I've been following this pretty closely, since I have a large position in NOK stock which I initiated about the time this news started percolating. You can get most of the story via following the links in the comment sections at seeking alpha (search for "nok", then look in news and alerts). This is not new, and has been going on for over a year, and is complete BS. NOK was in compliance with the laws when the work was done, then India changed the tax laws (and made the changes retroactive), and now expect NOK to pay. NOK is a trial balloon, and if they get away with it, there will be many other western corporations hit by this same 3rd-world silliness. A large oil company was also shaken down in a similar manner (forgot which); they settled for much less than $3.4B.

      Even if India somehow wins here, I don't believe this won't affect NOK or MSFT at all. If this goes through, and NOK have to pay these taxes in India, which is highly unlikely, then they'll file an amendment on taxes they have paid to Finland for the amount they have to pay to India. The end result if India wins will be a massive loss in western investment for India, significant misery for the Indian people affected by the Western pullout, and a miniscule amount of additional tax revenue.

    • "Hey, you've got a lot of money. GIve us some of it."

    • by SEE (7681)

      The basis is that Nokia is a bunch of idiots that actually tried to do manufacturing in India, showing all the judgment they did when they went with Windows Phone as a platform.

      See, India's intelligentsia, by and large, doesn't like manufacturing. It might be necessary to some degree, but, offered a chance to replicate Taiwan or China's success by starting with cheap manufacturing, they'd decline. They want to jump straight ahead to a service/software economy via education rather than pass through an inte

  • I'm glad somebody finally knocked that snooty Ken Jennings off his perch.

  • .. Rupee's or Dollars?
  • by Bill, Shooter of Bul (629286) on Tuesday December 10, 2013 @10:39PM (#45657587) Journal

    Just take a survey of all Indian government software licenses. Given the expense and the insanity involved in tracking MS licenses, I'm sure that they could be found to owe at least 3.4 Billion in Licensing and penalty costs.

    • But they can quote some law that may let them slide it. Or at least say fine it must work Through OUR Court system.

      • Its Microsoft, the company that bled its competitors to death while beating them mercilessly with their own severed appendages during the 90's. I'm sure they just need to unleash their inner bastards and they'll be fine.

  • by palemantle (1007299) on Tuesday December 10, 2013 @11:36PM (#45657901)
    This government tried something similar against Vodafone in 2012 but got smacked down, first by the Supreme Court, and then by the Shome committe. The Vodafone case was quite similar because that too involved an M&A scenario and the government was claiming retroactive effect for some new tax laws.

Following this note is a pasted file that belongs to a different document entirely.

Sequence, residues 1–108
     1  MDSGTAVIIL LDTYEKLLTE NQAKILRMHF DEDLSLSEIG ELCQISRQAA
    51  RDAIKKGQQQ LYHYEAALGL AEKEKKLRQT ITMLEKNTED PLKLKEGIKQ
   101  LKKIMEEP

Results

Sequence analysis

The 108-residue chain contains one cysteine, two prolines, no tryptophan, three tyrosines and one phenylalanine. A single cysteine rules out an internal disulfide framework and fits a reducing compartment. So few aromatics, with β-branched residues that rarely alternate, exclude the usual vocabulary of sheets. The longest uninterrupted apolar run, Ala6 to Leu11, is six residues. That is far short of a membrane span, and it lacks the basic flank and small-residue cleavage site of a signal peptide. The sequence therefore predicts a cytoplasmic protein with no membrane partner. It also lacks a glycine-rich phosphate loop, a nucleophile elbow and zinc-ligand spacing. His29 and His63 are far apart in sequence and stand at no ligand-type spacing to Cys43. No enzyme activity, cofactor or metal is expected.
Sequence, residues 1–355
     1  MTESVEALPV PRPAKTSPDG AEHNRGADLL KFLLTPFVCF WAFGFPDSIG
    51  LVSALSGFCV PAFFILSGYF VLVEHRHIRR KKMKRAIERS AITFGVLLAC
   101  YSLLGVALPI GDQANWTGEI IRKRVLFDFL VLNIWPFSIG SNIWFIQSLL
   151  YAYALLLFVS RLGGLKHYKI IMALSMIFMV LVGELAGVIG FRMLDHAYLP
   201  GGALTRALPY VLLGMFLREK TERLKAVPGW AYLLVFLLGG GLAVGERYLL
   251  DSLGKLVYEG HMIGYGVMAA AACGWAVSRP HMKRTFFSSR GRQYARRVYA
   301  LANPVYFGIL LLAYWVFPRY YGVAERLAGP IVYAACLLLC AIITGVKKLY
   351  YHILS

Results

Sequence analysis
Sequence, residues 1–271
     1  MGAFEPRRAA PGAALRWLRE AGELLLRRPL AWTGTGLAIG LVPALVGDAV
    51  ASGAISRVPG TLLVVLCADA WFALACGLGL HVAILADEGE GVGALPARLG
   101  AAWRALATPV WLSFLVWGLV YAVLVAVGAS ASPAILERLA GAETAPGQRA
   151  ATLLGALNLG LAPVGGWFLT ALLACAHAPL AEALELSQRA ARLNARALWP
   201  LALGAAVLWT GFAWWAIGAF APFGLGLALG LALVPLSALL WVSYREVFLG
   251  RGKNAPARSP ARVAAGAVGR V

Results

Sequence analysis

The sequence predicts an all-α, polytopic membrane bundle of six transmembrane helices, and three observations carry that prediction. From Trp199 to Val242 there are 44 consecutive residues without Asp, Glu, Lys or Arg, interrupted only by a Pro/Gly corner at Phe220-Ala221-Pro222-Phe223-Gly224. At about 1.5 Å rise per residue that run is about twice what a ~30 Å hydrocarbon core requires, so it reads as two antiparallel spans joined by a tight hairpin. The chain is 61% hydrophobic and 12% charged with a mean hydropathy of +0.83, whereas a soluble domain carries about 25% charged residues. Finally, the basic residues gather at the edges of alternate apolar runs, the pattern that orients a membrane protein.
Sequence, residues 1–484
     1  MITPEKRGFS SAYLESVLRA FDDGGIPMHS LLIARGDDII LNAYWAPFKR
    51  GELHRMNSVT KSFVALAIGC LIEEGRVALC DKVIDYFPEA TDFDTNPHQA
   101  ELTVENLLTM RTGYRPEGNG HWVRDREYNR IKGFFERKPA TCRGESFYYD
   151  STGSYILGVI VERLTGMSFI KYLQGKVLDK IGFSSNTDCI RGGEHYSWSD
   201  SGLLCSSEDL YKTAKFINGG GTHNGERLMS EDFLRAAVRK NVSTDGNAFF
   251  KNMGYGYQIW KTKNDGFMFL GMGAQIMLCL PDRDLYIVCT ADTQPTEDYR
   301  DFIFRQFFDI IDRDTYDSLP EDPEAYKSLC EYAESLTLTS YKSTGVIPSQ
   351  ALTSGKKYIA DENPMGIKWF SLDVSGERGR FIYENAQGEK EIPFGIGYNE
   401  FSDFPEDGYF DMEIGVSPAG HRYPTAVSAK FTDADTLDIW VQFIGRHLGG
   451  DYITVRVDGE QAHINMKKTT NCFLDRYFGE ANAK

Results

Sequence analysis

Vodafone case details:
    http://www.thehindu.com/business/companies/vodafone-wins-rs-11000-cr-tax-case-in-supreme-court/article2817238.ece [thehindu.com]

    I suspect something similar will happen here and Nokia will settle for a significantly lower amount.

    More details on the Nokia case:
    http://www.thehindu.com/business/nokia-owes-rs21153-cr-it-dept-tells-delhi-hc/article5440948.ece [thehindu.com]
    • by Anonymous Coward on Wednesday December 11, 2013 @02:30AM (#45658497)

      by your links it is not the same at all. The Vodafone case had the government contending that even though the sale occurred between 2 foreign entities. the asset was Indian therefore liable to tax in India. The Government lost the case but changed the law retroactively to apply for all transactions including the vodafone one. While this is bad for business it is legally sound. Every government makes laws that apply retroactively including the U.S. government.

      In the Nokia case, the company routed all the profits out of India as "royalty payments" and did not pay tax on them over a period of seven years. In addition they are claiming Tax free status (due to their being part of Special Economic Zone) that claim is also not valid.

      Not all $3.4B is tax, significant portion of it is penalties for offending over 7 years. Basically they tried legal trickery to maintain their cash flows when things are going bad business wise and now trying to dump it on MSFT.

      Indian Government is actually doing good here, if they allow the sale to go forward then MSFT becomes liable, Like it happened in the vodafone case, instead they are ensuring NOK clears the dues, so MSFT is not in for any nasty surprises.

  • Just state in the merger contract that any tax liabilities owed by Nokia are the responsibility of Nokia and do not follow the Indian factory to Microsoft.
    Its Nokia that owe any taxes and the sale of the Indian factory to Microsoft shouldn't mean that somehow the taxes owed go with it.

    • by gl4ss (559668)

      I don't think that you quite understand the distinction of buying assets of a company vs. buying a company.

      the real legal problem is that the taxes were created retroactively... but hey, if they want to create chilling effects for companies then go ahead..

      Though I guess it makes certain twisted logic that they could change the merger contract after it has gone into effect if the Indian government is trying to prop up retroactive taxes to the tune of all profits from last couple of years.